Saturday, February 6, 2010

Pre Pub Book Buzz - Hester by Paula Reed

I received an email from Unbridled about a week ago about a cross-promotion they were doing with St. Martins Press. They're sort of calling it "Dueling Scarlet Letter sequels." How fun!

Now, Scarlet Letter was not one of my favorite high school reading list books. I have a friend who's an English grad student and she's always tried to spin Hawthorne in a way that would appeal to me. Unfortunately, I think the damage was done all those years ago.

But I might have been wrong. The upcoming release of Paula Reed's Hester, which continues the story of Hester Prynne and daughter Pearl, has inspired Unbridled to launch a concurrent publicity plan for one of their backlist titles, Angel and Apostle by Deborah Noyes.

Noyes's book hit shelves in 2006 and also continues the story begun in The Scarlet Letter. Here's the synopsis from Unbridled:

At the end of Nathaniel Hawthorne’s classic novel, The Scarlet Letter, we know that Pearl, the elf-child daughter of Hester Prynne, is somewhere in Europe, comfortable, well set, a mother herself now. But it could not have been easy for her to arrive at such a place, when she begins life as the bastard child of a woman publicly humiliated, again and again, in an unrelentingly judgmental Puritan world.

With a brilliant and authentic sense of that time and place, Deborah Noyes envisions the path Pearl takes to make herself whole and to carve her place in the New World. Beautifully written with boundless compassion, Angel and Apostle is a heart-rending and imaginative debut in which Noyes masterfully makes Hawthorne’s character her own.

Reed's book hits shelves on February 16. Here's the synopsis from Reed's website:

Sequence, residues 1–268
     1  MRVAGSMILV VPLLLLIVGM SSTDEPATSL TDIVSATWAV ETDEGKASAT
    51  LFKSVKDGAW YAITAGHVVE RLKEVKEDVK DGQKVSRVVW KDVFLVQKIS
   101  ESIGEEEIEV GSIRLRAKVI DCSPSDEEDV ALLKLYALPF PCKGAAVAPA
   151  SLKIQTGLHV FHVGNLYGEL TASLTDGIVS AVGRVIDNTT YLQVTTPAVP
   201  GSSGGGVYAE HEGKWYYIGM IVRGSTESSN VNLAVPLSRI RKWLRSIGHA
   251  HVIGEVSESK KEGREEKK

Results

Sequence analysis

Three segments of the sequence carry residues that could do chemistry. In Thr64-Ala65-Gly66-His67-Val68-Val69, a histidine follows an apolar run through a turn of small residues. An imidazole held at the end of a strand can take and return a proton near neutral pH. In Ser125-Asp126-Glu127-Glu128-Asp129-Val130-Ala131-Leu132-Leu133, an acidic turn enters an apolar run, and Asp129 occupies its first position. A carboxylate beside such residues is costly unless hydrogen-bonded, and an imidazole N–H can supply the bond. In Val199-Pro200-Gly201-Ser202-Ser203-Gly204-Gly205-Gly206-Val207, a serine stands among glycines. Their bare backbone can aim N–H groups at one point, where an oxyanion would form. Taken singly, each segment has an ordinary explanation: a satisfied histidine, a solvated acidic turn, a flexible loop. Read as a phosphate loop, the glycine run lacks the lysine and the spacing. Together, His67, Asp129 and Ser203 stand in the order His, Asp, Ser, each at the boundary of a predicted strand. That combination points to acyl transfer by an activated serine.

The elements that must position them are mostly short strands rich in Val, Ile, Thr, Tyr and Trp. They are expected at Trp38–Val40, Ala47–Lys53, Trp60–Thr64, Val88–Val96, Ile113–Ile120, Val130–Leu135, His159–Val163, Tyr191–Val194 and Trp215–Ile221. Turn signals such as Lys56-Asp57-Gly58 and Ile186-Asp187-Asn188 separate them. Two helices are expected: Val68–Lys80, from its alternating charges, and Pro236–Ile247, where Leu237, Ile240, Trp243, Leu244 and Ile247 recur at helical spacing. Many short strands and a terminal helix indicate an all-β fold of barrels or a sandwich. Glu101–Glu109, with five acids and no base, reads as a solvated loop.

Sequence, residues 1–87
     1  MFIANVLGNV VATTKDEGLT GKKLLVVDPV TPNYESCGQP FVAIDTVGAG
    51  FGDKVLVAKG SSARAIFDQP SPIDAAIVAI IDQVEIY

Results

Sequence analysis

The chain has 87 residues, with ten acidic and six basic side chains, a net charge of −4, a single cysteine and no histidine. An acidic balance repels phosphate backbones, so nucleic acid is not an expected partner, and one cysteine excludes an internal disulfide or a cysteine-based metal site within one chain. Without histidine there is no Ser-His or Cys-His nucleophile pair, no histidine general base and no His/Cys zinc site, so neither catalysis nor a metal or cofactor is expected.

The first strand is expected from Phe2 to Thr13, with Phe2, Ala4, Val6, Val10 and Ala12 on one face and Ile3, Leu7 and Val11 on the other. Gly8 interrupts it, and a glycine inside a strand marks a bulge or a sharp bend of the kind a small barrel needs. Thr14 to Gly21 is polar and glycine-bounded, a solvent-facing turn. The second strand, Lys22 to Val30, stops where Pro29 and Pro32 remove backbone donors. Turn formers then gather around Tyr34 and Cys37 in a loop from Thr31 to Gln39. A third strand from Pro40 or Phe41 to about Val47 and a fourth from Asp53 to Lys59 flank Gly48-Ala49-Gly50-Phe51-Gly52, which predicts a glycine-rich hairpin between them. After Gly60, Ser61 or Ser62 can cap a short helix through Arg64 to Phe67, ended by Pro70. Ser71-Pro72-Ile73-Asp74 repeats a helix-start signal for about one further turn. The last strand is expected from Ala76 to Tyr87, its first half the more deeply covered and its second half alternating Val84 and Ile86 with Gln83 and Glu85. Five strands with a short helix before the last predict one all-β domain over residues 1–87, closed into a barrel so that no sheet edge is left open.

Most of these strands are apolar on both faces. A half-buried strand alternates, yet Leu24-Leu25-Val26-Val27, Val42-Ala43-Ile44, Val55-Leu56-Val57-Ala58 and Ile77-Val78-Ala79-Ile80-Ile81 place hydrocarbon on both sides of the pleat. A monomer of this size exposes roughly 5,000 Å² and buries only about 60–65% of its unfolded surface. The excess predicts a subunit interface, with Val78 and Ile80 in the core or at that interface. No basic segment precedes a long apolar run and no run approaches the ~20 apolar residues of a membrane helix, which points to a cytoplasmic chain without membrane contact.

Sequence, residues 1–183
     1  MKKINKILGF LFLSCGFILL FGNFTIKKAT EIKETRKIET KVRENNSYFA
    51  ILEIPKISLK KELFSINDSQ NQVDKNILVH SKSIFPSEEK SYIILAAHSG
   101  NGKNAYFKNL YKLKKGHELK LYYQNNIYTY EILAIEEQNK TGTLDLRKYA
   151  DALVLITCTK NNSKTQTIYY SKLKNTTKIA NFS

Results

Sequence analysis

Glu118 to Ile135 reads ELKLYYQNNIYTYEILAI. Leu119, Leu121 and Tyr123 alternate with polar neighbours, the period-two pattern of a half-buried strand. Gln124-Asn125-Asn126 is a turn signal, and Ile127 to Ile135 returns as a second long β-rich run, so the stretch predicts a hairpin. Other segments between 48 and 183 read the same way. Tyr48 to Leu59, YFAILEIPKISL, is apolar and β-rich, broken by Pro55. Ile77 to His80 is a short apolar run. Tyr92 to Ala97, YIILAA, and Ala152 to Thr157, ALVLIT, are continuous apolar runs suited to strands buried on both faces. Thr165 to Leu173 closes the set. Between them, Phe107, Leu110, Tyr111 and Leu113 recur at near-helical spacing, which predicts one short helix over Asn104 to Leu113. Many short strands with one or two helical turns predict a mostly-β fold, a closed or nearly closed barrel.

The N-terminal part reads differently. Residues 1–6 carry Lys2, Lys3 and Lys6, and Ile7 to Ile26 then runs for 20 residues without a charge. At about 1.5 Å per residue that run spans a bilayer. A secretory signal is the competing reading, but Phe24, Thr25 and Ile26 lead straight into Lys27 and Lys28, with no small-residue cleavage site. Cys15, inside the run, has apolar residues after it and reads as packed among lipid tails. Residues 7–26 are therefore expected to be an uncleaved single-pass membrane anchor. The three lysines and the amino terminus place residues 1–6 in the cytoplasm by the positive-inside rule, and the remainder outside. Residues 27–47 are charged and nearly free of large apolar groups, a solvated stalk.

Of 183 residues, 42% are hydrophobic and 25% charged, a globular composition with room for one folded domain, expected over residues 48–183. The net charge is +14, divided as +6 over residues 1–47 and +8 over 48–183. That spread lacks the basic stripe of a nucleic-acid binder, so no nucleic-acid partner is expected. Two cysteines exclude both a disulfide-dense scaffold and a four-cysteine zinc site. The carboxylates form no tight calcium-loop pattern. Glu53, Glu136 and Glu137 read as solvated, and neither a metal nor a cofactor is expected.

Upon the death of her demonic husband, Hester Prynne is left a widow, and her daughter is left a wealthy heiress. Together they travel to England where Hester seeks a quiet life-only to find herself drawn into the circle of the most powerful Puritan of all time, Oliver Cromwell.

From the moment Hester donned the famous scarlet letter, it instilled in her the power to see the sins and hypocrisy of others, an ability not lost on the Lord Protector of the Commonwealth. To Cromwell, Hester's sight is either a sign of sorcery or a divine gift that Hester must use to assist the divinely chosen in his scheming to control England. Since sorcery carries a death sentence, Hester is compelled against her will to use her sight to assist Cromwell. She soon finds herself entangled in a web of political intrigue, espionage, and forbidden love.

Sweeping, engaging historical fiction, Hester will carry readers away to seventeenth century England with a deeply human story of family, love, history, desire, and the human ideal.

Two books inspired by one classic. Two very different takes on the futures of the characters involved. Undoubtedly two great reads just based on reviews thus far. I've been reading Noyes's release and can tell you that her lyrical writing makes for a totally engrossing read. Pearl as a strong-willed child growing up and being given more of a voice is a very appealing to even me, who has admitted to grudgingly making my way through Scarlet Letter over ten years ago.

And thanks to Noyes and Reed (and my sister who actually enjoyed reading Scarlet Letter in her own English class just last year, and my friend the English major) I'm thinking that Hawthorn might deserve another look now that I'm older and more mature (and now that I'll be choosing to read it on my own).

Deborah Noyes, according to her bio, has written multiple books for both children and adults. Her latest book, Captivity, is due out from Unbridled in June.

Paula Reed is an English teacher here in Colorado with a collection of historical romance novels already released.


Paula Reed said...

I hadn't heard about this, but it sounds brilliant! Now I'm going to have to run out and read Noyes's novel. Someone mentioned it to me after Hester had sold, but I haven't read it yet.

As for the original Scarlet Letter, my best advice is this--if you're having trouble getting started with it, skip the introduction, "The Custom House," and go straight to chapter one.

Becky LeJeune said...

Thanks for the tip, Paula!